Illinois Provides Increased Protection of Consumers for Treatment of Eating Disorders

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Mark DeBofsky

On August 24, 2017, the State of Illinois enacted Public Act 100-0305, which amends the Illinois Insurance Code to afford greater protection to individuals suffering from eating disorders by expanding the mandatory health insurance coverage available to treat such conditions. The law was introduced as HB 1332 by State Representative Laura Fine (Glenview); and after passage in the Illinois House of Representatives, was sponsored in the Illinois Senate by Senator Jule Morrison (Deerfield).  

Public Act 100-0305 mandates that both individual and group insurance policies must cover treatment for “serious mental illness,” the definition of which has been expanded to include:

Eating disorders, including but not limited to, anorexia nervosa, bulimia nervosa, pica, rumination disorder, avoidant/restrictive food intake disorder, other specified feeding or eating disorder (OSFED), and any other eating disorder contained in the most recent version of the Diagnostic and Statistical Manual of Mental Disorders published by the American Psychiatric Association.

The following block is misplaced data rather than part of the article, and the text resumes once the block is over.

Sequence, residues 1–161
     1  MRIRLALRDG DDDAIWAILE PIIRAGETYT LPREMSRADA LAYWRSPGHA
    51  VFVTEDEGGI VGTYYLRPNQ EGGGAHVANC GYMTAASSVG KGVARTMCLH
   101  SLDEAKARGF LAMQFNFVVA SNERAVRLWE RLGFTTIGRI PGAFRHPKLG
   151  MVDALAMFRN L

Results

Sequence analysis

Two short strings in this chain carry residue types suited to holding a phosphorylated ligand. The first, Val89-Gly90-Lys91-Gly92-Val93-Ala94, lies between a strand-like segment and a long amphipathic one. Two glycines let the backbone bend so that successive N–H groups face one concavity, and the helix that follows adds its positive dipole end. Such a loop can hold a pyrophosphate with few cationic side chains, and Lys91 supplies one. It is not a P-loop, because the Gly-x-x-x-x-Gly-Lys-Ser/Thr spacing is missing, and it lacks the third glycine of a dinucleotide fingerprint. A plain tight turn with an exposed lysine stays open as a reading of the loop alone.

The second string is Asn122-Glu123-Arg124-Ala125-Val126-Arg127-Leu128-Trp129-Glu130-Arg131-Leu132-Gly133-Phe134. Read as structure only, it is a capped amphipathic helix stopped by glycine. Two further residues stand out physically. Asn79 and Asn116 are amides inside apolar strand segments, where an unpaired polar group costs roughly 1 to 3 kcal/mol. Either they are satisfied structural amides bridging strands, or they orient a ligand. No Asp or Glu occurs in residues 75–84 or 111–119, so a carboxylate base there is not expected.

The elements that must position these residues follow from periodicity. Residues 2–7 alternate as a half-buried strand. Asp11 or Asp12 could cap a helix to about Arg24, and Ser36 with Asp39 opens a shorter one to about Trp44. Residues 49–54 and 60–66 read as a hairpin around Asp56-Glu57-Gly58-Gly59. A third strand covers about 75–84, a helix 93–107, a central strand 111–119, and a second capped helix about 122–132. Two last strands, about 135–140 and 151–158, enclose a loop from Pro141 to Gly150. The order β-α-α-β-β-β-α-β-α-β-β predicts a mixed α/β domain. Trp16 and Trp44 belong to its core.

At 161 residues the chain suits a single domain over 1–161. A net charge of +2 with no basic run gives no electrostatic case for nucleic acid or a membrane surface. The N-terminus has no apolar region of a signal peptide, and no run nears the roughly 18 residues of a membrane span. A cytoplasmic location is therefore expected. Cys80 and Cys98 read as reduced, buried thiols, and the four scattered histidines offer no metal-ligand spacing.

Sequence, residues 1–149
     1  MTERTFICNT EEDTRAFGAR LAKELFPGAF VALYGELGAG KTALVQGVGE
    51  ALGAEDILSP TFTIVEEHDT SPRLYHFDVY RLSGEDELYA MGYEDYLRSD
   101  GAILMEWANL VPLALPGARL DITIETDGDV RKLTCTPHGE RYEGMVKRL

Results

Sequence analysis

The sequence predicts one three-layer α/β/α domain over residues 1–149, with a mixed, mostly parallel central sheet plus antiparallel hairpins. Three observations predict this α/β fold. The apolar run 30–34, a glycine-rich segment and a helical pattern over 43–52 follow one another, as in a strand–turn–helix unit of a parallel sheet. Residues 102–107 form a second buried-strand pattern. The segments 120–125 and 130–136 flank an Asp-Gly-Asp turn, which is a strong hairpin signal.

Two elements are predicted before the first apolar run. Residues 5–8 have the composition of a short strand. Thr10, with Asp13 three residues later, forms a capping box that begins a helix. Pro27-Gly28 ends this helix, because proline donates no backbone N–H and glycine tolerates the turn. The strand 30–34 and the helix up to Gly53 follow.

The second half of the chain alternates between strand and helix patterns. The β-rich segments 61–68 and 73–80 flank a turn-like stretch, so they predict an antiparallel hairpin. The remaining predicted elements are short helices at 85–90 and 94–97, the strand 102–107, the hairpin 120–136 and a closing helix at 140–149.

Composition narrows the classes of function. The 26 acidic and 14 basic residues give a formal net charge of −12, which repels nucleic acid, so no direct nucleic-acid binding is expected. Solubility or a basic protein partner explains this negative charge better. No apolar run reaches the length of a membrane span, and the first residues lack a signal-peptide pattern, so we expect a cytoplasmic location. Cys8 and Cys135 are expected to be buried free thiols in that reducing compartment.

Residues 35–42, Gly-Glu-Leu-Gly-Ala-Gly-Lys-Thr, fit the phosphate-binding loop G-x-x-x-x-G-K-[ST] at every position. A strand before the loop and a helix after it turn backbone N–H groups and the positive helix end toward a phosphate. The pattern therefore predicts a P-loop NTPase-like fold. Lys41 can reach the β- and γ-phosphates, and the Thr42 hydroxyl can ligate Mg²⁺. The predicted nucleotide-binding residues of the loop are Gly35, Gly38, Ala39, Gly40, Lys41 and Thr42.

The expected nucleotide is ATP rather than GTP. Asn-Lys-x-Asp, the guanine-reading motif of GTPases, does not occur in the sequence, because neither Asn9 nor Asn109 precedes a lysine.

215 ILCS 5/370c(b)(2)(K)

Public Act 100-0305 ties in to the Paul Wellstone and Pete Dominici Mental Health Parity and Addiction Equity Act of 2008 (MHPAEA), which requires health insurers that provide mental health or substance use coverage from offering less favorable coverage for such conditions than would be offered for medical/surgical benefits. Thus, any health insurance policy that provides for residential treatment of physical impairments must also offer comparable coverage for residential treatment of any serious mental illness, which now explicitly encompasses eating disorders. Obtaining such coverage has been problematic in the past; and while the recently passed law is not a guaranty of coverage, it will make it likelier that those who need such coverage will be able to receive it with less resistance from insurance companies.  

The support of organizations such as the National Eating Disorders Association was critical in securing the speedy passage of HB 1332; and the many calls made to Governor Bruce Rauner’s office in support of the bill were undoubtedly influential in securing the Governor’s signature on the law. The passage of HB 1332 is an example of the effectiveness of grassroots advocacy and will hopefully serve as a template for the passage of similar legislation in all 50 states.